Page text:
What it Really Takes to Win Over a Picky Eater
How a produce-loving parent confronts her kid's vegetables anxieties head-on
“Mama, look, it’s a rainbow charm! I tried that at school!”
We’re in the gritty, postindustrial heart of urban Philadelphia, but we’re on a farm, sorting through a basket of freshly harvested vegetables. We live just a few blocks away from Greensgrow, an urban farm that’s been changing the cityscape since the late 1990s. And my kindergartener has in fact recognized rainbow chard, thanks to a public-school nutrition program that gives kids the chance to taste new fruits and vegetables every week—and overcome some of their vegetable-based fears.
Greensgrow is a kid-friendly place, enclosed by a fence from the busy streets and full of surprises for the dedicated explorer: a tub transformed into a turtle pond, metal found-object sculptures, a composting toilet, a Muscovy duck who likes to peck at visitors’ toes, even Milkshake the pig, basking in the spring sunlight in her pen.
My husband and I come here every other weekend to pick up our CSA share. “Community-supported agriculture” refers to the cash up front that members provide to the farm and its partner organizations, which then pay a dividend of produce, meat, dairy products, and occasionally other treats, like beer brewed with Greensgrow’s own hops. But we like it here because it feels like a community. We joined when I was pregnant with our daughter; now, at six, she recognizes our friend Nate’s cargo bike parked at the gate and runs inside to join her best friends in a game of hide-and-seek among the greenhouses.
The share this week is a springtime jackpot: cilantro, rainbow chard, strawberries, spring onions, fava beans, and purple kolhrabi. We choose our dairy and add extras—cheese, yogurt, a jar of spicy pickles—then head home to plan the week’s meals.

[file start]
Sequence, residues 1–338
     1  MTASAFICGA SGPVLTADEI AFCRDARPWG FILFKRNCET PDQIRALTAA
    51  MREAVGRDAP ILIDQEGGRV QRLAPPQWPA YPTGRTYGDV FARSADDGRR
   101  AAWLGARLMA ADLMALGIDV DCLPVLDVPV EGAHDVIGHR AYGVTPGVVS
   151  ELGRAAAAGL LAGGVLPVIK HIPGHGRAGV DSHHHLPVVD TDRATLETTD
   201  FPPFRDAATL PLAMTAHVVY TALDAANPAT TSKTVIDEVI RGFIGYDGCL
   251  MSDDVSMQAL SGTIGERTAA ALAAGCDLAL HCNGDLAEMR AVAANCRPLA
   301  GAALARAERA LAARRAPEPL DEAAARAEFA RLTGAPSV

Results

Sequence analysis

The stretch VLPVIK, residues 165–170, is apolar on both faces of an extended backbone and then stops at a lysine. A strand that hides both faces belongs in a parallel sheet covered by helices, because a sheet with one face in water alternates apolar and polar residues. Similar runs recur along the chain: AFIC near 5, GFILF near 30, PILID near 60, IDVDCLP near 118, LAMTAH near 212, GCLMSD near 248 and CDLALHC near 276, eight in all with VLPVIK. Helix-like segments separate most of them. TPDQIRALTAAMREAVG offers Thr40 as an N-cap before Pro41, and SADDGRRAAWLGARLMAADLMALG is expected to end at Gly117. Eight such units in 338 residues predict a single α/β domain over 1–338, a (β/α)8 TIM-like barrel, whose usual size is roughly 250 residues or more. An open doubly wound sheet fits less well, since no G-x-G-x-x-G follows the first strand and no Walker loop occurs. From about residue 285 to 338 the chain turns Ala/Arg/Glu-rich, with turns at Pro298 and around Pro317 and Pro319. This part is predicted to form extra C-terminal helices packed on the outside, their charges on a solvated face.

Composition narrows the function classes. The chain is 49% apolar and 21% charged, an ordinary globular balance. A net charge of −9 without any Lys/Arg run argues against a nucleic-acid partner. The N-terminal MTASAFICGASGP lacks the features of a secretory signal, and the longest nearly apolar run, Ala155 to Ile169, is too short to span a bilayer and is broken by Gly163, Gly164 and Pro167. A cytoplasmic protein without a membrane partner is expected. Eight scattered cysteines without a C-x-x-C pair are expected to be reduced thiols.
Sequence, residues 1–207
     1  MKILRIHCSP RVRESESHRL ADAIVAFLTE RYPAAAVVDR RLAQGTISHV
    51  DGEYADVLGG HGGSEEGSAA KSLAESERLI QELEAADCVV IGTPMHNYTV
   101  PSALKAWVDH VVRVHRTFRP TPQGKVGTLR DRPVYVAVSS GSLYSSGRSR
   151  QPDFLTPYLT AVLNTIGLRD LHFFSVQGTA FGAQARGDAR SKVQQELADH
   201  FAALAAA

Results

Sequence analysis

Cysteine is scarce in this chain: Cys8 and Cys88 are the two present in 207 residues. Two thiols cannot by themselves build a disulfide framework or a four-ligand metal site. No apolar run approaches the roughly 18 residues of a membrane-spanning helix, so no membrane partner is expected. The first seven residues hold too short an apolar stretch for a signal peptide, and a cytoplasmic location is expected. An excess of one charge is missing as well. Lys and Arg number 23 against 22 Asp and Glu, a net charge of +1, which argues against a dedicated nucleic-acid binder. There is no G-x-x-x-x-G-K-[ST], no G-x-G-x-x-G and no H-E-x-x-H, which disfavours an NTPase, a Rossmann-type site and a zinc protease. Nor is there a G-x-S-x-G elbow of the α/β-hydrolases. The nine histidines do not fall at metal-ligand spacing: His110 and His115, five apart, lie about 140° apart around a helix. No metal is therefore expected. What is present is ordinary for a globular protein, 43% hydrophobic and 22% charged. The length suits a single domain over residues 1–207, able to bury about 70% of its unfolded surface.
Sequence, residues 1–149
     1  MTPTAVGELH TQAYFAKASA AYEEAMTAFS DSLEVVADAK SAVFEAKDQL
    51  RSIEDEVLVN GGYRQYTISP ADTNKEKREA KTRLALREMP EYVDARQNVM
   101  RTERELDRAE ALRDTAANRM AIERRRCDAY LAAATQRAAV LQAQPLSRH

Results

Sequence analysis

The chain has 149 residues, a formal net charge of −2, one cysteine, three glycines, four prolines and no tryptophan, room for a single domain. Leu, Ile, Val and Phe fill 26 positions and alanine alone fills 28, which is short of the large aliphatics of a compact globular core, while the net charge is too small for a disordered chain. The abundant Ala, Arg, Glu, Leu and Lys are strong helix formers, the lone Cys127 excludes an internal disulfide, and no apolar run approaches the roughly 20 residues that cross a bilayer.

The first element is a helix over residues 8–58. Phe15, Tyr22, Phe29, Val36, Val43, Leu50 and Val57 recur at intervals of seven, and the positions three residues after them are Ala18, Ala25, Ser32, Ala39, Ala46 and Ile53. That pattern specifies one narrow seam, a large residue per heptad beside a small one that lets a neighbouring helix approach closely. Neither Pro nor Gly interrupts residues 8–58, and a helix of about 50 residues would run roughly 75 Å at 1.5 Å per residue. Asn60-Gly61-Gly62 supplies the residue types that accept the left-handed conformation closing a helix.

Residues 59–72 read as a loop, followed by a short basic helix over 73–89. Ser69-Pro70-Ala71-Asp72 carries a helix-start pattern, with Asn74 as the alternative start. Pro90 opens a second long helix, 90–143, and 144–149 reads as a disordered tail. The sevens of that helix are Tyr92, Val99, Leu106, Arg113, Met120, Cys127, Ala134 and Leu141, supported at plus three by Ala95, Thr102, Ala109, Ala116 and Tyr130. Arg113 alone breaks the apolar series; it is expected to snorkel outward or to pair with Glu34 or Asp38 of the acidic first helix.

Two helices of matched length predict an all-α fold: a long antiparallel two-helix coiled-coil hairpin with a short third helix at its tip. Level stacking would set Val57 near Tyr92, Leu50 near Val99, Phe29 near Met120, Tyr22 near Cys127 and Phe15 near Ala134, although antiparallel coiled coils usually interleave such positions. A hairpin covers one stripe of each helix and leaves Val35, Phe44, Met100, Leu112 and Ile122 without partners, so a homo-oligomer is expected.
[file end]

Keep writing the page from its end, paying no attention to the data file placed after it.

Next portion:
CSA cooking is a challenge, a sort of Iron Chef for the farmstand: You get what you get, and you’d better cook it soon, because this stuff is grown for taste, not for how long it’ll last on a supermarket shelf. These are “ugly” fruits and vegetables: multi-legged carrots and blemished apples packed with flavor and nutrients and the occasional bug. You have to figure out what’ll last a day, what’ll last two days, what’ll last a week, and cook or freeze accordingly.
It’s also a challenge for recovering picky eaters like me. Being labeled a picky eater is always an act of harsh judgment, an accusation of one’s immaturity, but when I was a kid the term “supertaster” hadn’t been invented yet, and in a foodscape dominated by school cafeteria food and drive-thru burgers, my sensitive palate was a liability. My stepbrothers still tease me about the time I had to sit at the table until I finished my peas—the bland, mushy, microwaved kind, which had grown cold and congealed—and I gagged over the bowl. I used to wonder if I just didn’t like eating.